Council envisions elite bedroom community, business park in Baldwin City’s future
At the conclusion of their second visioning workshop Tuesday, Baldwin City Council members foresaw the city of the near future being the best bedroom community possible and one that has a new business park.
The council had its first visioning workshop last month at a Valley Falls retreat with the help of John Devine, a former Salina City Council member who now works as a facilitator and economic development consultant. The effort continued Monday with a 90-minute workshop before the council’s regular meeting.
In an attempt to learn what council members wanted for Baldwin City, Devine asked them to envision the city in 2020 and consider what needed to be in place to move toward that vision.
The need for a new business park dominated Monday’s discussion. It was needed, council members said, to expand the city’s tax base, increase stability of the local economy, add new rooftops and retain businesses and young hometown professionals.
With the advantages so obvious, Councilwoman Bonnie Plumberg wondered why the council hadn’t done more to make a new business park happen after receiving a May 2011 report from BG Consultants, Inc.
A partnership with Douglas County was essential to making progress, Plumberg said. She wondered if the county’s past expressed willingness to partner on a project was still there despite the city’s lack of progress.
The BG Consultants report identified two possible sites for a new business park: The 40.2-acre Rockers parcel north of U.S. Highway 56 at the High Street intersection and the 46.1-acre Barrett parcel north of U.S. 56 north of the Heritage Addition. The study estimated the cost of bringing infrastructure to the Rockers property at $950,000 and $790,000 to the Barrett parcel.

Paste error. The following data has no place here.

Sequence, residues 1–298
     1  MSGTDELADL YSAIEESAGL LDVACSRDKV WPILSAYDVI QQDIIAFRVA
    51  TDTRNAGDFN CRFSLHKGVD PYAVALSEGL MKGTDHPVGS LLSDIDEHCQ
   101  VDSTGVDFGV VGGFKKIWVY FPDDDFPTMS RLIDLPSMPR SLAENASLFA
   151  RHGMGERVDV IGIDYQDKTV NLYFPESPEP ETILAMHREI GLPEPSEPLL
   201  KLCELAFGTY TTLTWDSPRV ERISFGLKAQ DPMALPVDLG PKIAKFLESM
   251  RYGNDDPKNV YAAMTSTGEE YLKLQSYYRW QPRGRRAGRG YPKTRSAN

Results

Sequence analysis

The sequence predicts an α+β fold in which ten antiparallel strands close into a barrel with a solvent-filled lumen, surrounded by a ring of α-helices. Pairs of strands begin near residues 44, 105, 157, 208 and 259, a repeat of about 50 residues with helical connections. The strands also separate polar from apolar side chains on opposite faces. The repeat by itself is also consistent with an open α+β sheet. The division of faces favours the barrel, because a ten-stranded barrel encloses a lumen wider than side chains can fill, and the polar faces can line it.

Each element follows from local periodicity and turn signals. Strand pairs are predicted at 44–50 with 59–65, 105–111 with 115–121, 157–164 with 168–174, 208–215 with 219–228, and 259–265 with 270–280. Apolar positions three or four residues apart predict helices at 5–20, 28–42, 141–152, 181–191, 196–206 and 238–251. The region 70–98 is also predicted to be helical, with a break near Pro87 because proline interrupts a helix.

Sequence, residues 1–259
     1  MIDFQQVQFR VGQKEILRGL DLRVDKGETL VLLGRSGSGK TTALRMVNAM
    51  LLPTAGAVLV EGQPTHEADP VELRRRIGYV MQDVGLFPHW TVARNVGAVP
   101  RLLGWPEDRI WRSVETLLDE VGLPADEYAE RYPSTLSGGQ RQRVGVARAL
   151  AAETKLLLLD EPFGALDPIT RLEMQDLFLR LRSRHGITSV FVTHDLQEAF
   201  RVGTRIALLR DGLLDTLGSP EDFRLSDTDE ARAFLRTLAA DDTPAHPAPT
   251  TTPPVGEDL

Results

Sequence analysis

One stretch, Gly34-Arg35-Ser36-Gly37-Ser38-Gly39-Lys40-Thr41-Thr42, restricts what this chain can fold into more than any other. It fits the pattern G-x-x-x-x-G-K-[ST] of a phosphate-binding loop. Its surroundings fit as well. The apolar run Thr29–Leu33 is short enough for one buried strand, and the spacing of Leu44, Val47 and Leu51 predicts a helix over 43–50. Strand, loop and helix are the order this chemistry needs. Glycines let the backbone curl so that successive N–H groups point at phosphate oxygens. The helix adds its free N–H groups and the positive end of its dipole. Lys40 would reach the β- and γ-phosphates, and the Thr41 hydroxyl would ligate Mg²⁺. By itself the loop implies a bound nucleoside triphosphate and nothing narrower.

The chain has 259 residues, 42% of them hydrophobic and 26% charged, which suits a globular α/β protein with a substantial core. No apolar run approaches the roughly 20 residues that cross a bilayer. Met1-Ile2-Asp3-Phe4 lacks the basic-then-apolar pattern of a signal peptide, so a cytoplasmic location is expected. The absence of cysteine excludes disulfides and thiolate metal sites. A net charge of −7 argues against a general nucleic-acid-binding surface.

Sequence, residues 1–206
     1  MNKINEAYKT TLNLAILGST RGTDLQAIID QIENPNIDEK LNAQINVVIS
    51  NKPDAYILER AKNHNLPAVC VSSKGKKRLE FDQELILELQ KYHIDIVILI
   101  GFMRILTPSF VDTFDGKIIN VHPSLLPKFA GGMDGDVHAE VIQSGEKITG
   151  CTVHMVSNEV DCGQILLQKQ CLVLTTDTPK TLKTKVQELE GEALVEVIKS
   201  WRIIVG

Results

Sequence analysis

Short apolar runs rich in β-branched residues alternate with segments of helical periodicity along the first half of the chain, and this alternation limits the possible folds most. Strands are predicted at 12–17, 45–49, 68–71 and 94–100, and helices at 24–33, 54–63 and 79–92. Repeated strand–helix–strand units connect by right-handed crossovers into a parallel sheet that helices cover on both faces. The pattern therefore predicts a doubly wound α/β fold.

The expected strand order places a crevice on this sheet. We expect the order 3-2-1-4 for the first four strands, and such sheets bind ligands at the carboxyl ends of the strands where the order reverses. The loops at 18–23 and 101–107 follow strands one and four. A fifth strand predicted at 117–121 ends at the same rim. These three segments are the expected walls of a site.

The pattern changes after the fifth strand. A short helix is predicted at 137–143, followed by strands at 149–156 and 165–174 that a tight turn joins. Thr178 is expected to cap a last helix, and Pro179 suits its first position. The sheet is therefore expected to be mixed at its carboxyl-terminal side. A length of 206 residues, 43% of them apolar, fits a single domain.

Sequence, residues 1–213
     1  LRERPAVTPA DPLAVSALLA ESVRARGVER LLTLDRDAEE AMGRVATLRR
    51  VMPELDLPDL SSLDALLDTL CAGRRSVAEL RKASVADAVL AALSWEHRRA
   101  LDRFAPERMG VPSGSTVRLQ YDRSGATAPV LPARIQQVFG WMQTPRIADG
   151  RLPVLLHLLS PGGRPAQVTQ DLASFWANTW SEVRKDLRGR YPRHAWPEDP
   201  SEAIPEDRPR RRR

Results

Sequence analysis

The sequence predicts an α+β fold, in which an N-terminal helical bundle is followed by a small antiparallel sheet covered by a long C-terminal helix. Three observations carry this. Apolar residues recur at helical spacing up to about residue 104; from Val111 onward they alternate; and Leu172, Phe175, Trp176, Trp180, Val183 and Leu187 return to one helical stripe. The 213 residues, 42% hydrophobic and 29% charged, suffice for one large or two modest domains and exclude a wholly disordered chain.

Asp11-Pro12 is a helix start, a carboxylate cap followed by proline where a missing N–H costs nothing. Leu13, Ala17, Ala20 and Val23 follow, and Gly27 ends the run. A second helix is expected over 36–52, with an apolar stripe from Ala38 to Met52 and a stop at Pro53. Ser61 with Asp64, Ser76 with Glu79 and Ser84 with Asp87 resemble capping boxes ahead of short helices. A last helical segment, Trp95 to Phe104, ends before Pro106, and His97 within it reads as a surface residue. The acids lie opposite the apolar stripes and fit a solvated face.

Devine and Baldwin City Administrator Chris Lowe cautioned there were risks with moving forward without doing the proper groundwork. If the kinds of businesses that would be interested in the park were not known, the city — which would not have a full-time position dedicated to marketing the park — could spend millions to purchase land and extend utilities and infrastructure to a new park only to see it sit empty, Lowe said.
The city administrator also cautioned the current competitive environment has cities giving new businesses 100 percent property tax abatements for years. He said the council couldn’t expect a business park to provide an immediate, direct bump to the city’s property valuation. Benefits to city revenues would come from sales taxes and from new homes employees built in the community, he said.
Devine said the council could make progress on the park through a step-by-step process, which included:
• A marketing study centering on the kinds of tenants a park could realistically hope to attract to Baldwin City and identifying competition in the region.
• A comprehensive study of the cost to buy land and extend infrastructure to the site.
• An incentive plan, which would consider such things as property tax abatements, utility rate breaks and free land.
• A feasibility study of a park’s benefits.
Devine added there were ways other than manufacturing in which Baldwin City could be successful through marketing and investing resources. They were:
• A bedroom community, which attracted new residents for its high quality of life.
• A tourism destination community taking advantage of the area’s history.
• An arts and cultural center.
• A retail center.
Although it was agreed the community’s already strong historical and cultural activities offered opportunities, it was the consensus Baldwin City was best defined as a bedroom community.
“I guess what we can sell is a small-town lifestyle,” Lowe said. “We can sell small-town living, but we have to do it in a very high level.”
To do that would require first-class facilities, which brought discussion back to enhancing revenue. Councilman Shane Starkey said that meant attracting new companies with a business park despite the need to provide incentives.
“If we don’t have anything to give away, we give away opportunities,” he said.
The council will discuss the park again at its next visioning work session, scheduled for July 16.
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